Verdict: Not a big deal at all. When I look in the mirror, I don't think about CF anymore than I did before. I "play" with it quite a bit by moving it side-to-side and never once have I thought about CF while doing that. It's a port. A port that's in me. But in no way has it changed who I am, what I think about or the status of my health.

3. I've always been worried about any limitations, real or perceived, with a port.

My biggest concern with getting a port was my fear that it would limit or inhibit my exercise routines or time at the gym. So far, the port has not held me back in any way at the gym. Certainly not as much as my hemoptysis does (more on that in a later blog). I have not felt any weird sensations when lifting and about the only thing I feel in some exercises is the little tube that lays on my collar bone moving. There are very few exercises I've had to modify with upright rows being the only one that presently comes to mind (just need to have the bar a little further from my body). I do shoulder presses, chest presses and anything else so far that seems to move the port a bit when I lift. The only "limitation" that I've had is when rough housing with Mckenna or Bennett (which we like to do). I have to be cognizant of where their little hands are and make sure they don't tug at the port as it can still hurt a bit when moved around or pressed in too hard. Other than that, I can't think of any other way that my day-to-day life has been impacted negatively or limited in any way.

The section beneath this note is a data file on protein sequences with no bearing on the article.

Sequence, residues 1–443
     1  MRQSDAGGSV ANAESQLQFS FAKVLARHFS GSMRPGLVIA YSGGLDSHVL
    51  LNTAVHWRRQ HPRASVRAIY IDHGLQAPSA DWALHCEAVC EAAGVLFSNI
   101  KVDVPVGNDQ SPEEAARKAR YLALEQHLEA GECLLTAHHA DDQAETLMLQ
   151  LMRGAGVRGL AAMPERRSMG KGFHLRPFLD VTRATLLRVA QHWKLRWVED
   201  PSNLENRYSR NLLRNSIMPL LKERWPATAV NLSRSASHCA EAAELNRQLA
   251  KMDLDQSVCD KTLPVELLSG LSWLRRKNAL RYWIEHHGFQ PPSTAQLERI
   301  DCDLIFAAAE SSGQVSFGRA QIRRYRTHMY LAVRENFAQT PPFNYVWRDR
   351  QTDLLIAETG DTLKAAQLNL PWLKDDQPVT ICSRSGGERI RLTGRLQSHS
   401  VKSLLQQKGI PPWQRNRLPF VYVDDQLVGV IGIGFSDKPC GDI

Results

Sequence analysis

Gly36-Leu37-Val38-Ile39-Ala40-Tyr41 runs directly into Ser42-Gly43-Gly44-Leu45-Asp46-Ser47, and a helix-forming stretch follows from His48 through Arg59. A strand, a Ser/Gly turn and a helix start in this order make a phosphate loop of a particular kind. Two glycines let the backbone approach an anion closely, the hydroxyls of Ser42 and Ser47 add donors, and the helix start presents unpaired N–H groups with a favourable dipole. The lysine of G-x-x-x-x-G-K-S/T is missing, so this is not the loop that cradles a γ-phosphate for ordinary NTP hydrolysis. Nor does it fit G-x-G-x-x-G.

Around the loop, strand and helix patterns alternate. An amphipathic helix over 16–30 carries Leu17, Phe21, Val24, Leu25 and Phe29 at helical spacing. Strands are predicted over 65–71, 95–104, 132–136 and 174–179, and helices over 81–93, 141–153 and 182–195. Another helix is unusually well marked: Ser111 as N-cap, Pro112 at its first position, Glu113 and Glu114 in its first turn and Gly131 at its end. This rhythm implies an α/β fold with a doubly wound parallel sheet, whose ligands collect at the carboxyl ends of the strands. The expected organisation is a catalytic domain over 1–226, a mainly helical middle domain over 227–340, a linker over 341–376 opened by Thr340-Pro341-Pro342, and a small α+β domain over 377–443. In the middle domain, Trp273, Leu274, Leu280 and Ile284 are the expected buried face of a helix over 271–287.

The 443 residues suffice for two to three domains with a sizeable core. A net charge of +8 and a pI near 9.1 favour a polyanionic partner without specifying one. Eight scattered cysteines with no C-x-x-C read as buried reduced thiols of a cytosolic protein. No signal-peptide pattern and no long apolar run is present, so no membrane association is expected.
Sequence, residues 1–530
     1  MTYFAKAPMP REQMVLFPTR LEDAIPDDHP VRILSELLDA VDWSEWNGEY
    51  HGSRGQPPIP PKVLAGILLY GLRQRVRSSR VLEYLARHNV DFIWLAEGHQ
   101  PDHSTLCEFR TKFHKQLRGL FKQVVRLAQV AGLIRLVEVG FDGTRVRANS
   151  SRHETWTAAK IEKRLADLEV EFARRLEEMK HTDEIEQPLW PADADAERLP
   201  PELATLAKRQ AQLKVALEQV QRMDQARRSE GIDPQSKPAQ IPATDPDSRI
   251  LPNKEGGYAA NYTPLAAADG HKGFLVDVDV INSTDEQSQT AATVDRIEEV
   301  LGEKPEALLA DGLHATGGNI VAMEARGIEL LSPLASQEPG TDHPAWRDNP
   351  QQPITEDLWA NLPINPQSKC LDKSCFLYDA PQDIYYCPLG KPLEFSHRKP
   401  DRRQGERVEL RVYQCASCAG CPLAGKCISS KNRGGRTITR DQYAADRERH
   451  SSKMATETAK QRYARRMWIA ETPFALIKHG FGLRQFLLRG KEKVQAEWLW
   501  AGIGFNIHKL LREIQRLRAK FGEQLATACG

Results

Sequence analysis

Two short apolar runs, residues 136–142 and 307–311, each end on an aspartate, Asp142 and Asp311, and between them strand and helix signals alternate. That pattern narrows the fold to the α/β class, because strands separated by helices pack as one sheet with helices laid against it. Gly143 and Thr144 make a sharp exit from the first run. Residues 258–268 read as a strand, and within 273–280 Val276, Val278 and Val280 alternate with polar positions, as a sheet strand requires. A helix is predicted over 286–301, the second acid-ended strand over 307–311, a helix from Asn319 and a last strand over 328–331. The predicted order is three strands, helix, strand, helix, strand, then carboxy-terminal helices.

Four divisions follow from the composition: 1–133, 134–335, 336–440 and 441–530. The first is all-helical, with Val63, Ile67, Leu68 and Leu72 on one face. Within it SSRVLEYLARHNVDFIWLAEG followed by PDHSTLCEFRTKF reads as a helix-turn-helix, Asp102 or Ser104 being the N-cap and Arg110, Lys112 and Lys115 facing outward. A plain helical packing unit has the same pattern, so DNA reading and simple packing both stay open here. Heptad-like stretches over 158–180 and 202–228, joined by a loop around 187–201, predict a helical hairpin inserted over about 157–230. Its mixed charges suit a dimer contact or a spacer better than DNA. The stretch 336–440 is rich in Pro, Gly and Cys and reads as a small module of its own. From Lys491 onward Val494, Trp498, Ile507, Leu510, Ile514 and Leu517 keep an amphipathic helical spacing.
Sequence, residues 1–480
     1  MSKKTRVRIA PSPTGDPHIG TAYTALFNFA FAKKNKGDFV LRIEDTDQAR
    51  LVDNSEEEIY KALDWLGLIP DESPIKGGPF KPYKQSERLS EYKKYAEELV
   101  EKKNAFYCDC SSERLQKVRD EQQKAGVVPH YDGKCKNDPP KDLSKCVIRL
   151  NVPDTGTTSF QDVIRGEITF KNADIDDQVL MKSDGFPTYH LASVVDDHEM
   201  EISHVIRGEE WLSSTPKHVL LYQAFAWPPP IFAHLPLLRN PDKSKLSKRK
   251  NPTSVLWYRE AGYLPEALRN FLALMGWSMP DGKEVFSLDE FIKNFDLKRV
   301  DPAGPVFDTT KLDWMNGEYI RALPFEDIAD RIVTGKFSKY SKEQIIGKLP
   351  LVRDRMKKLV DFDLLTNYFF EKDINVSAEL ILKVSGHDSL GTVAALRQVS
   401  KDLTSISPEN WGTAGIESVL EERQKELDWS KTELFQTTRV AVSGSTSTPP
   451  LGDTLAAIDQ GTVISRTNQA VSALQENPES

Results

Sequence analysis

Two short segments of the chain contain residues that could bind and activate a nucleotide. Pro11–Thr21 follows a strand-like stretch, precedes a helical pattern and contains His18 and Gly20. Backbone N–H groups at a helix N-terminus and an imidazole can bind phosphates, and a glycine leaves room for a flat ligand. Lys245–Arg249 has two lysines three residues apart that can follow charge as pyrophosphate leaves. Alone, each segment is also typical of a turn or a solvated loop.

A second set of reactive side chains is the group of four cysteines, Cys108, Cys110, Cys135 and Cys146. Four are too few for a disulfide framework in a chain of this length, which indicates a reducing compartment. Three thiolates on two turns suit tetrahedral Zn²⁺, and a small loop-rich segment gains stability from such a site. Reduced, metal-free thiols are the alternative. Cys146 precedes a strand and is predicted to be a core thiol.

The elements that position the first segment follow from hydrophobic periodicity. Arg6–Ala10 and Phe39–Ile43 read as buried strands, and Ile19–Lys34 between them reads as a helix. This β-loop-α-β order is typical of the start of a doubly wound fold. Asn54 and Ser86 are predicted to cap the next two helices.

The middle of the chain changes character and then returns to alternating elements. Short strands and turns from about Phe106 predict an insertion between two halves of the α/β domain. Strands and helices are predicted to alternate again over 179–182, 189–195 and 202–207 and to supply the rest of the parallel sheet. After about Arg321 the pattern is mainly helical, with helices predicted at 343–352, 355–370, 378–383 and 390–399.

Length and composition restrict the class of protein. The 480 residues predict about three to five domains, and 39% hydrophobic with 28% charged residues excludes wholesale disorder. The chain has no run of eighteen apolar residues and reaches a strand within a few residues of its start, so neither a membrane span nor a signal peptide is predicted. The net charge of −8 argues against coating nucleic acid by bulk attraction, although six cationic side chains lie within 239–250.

Verdict: My biggest concern was quickly alleviated right when I got back to the gym and definitely made me more accepting of the port. I rarely notice that its there, and when I do, I quickly move on. This was probably my biggest hinderance (besides simple stubbornness because I didn't really need a port) and the only way I was going to know is taking the port for a test drive. Well, its been driven, and it's still a car I would choose to get into.

So, what does all of this mean? Would a recommend a port? That's a tough one. I was in the no port mentality for so long, 35 years, that I still completely understand and accept other's reasons for not wanting a port. Would I have gotten a port if I wasn't forced to based on the condition of my veins? Probably not. A PICC worked just fine for 20 years and I was in the "if it ain't broke, don't fix it camp". Will the decision to stick with PICC lines that possibly did tissue/vein damage come to bit me in the rear at some point? Maybe, but I'll cross that bridge when and if I come to it. All I can do is share my fears, expectations, realities and outcomes with regards to a port and leave it up to each individual in their own unique situation. 

Ultimate Verdict: I don't think choosing to get a port or not is a clear cut decision. For me, it was the only choice at the time and one that I have not regretted being forced into.